NC nonprofit encouraging girls to 'be the leaders in their families'
Posted September 7, 2015
Raleigh, N.C. — A North Carolina nonprofit organization is hoping to empower middle and high school girls to become the first in their family to earn a college degree.
Nadia Shirin Moffett created The Queen's Foundation when she was in college and eventually left her corporate career to run the program. She says the biggest barrier for low-income students is the poverty mindset.
“We believe we are addressing the major issues of North Carolina in a systemic approach by educating these girls who may not otherwise be the change-agents of their families,” she said. “It’s specifically girls who will be first in their families earn a four-year degree and be the leaders in their families.”
Through the foundation, girls learn about scholarship opportunities, tour college campuses and are paired with a mentor during an internship. They also visit companies like Citrix, a trip that inspired Jonnica Blaylock to consider a future in the IT field.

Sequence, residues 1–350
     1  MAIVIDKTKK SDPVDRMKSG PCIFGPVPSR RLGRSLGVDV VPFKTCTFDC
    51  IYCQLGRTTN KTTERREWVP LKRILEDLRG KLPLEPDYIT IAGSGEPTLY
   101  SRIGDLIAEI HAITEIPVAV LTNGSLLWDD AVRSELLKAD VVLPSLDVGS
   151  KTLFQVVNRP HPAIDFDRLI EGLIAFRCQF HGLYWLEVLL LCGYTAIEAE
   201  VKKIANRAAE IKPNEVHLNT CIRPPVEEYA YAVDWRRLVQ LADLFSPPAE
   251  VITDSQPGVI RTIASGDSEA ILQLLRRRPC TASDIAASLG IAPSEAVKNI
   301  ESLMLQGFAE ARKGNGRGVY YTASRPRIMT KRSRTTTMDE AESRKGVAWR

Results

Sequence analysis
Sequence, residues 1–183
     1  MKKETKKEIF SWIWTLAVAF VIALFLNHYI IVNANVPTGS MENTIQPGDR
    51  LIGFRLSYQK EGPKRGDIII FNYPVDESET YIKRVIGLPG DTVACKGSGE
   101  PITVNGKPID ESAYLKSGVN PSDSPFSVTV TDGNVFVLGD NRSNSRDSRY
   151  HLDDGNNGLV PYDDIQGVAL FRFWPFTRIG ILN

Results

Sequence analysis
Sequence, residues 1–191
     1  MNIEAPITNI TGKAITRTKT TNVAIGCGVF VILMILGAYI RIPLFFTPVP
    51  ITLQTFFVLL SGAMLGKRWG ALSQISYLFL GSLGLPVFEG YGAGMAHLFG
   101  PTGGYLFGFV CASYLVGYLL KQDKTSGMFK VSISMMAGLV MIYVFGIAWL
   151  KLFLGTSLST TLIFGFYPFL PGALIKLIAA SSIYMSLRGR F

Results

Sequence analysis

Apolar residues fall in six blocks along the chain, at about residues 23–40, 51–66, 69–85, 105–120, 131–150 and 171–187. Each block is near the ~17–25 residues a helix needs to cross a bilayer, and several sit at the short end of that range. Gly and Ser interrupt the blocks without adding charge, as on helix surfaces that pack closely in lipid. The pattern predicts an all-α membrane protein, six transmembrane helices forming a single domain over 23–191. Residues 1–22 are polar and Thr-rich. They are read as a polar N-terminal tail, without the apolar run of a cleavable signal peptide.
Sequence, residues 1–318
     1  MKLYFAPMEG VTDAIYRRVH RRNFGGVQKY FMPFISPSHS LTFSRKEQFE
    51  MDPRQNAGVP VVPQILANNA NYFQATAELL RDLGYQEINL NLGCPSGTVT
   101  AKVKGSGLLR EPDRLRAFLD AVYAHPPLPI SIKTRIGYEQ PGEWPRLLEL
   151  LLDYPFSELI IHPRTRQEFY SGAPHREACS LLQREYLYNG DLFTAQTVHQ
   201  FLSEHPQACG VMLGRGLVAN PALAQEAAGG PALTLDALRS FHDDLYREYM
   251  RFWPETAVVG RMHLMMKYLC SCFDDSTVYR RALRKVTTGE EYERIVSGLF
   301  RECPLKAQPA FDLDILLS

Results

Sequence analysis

“That opened a lot of doors for me. This is amazing. There is so much you can do with computers,” Blaylock said.
Moffett says it's not just about education, it’s about showing the girls what they can do with that education and pushing them to go further – a lesson the teens are passing on to their younger siblings.
“One day, my sister came up to me and said, ‘I want to be just like you,’” said Adriana Miranda Ramirez. “I was kind of shocked, but at the same time I told her, ‘I don’t want you to be just like me. I want you to be better than me.’
The foundation follows the students through their first year of college. Several schools in the Triangle, Triad, Rocky Mount and Charlotte area are participating.